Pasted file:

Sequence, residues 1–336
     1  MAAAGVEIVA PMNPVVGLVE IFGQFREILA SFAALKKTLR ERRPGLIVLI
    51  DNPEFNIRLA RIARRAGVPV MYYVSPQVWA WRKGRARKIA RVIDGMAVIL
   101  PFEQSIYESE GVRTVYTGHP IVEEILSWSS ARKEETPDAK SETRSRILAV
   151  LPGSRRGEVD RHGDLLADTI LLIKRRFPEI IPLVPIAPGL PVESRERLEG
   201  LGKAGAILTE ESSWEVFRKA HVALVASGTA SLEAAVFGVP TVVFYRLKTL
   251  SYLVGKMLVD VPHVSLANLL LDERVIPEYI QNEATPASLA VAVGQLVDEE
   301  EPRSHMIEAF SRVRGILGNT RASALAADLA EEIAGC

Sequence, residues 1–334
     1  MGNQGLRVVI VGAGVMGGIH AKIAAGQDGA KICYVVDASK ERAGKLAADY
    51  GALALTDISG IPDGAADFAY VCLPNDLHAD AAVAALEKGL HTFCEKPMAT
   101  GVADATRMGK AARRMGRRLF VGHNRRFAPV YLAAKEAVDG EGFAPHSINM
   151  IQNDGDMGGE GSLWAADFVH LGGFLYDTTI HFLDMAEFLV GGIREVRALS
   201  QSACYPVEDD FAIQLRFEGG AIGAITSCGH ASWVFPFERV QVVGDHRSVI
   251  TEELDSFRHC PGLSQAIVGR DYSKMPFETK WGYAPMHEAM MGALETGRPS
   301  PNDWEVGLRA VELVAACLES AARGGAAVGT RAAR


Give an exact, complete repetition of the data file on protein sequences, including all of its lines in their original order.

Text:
Sequence, residues 1–336
     1  MAAAGVEIVA PMNPVVGLVE IFGQFREILA SFAALKKTLR ERRPGLIVLI
    51  DNPEFNIRLA RIARRAGVPV MYYVSPQVWA WRKGRARKIA RVIDGMAVIL
   101  PFEQSIYESE GVRTVYTGHP IVEEILSWSS ARKEETPDAK SETRSRILAV
   151  LPGSRRGEVD RHGDLLADTI LLIKRRFPEI IPLVPIAPGL PVESRERLEG
   201  LGKAGAILTE ESSWEVFRKA HVALVASGTA SLEAAVFGVP TVVFYRLKTL
   251  SYLVGKMLVD VPHVSLANLL LDERVIPEYI QNEATPASLA VAVGQLVDEE
   301  EPRSHMIEAF SRVRGILGNT RASALAADLA EEIAGC

Sequence, residues 1–334
     1  MGNQGLRVVI VGAGVMGGIH AKIAAGQDGA KICYVVDASK ERAGKLAADY
    51  GALALTDISG IPDGAADFAY VCLPNDLHAD AAVAALEKGL HTFCEKPMAT
   101  GVADATRMGK AARRMGRRLF VGHNRRFAPV YLAAKEAVDG EGFAPHSINM
   151  IQNDGDMGGE GSLWAADFVH LGGFLYDTTI HFLDMAEFLV GGIREVRALS
   201  QSACYPVEDD FAIQLRFEGG AIGAITSCGH ASWVFPFERV QVVGDHRSVI
   251  TEELDSFRHC PGLSQAIVGR DYSKMPFETK WGYAPMHEAM MGALETGRPS
   301  PNDWEVGLRA VELVAACLES AARGGAAVGT RAAR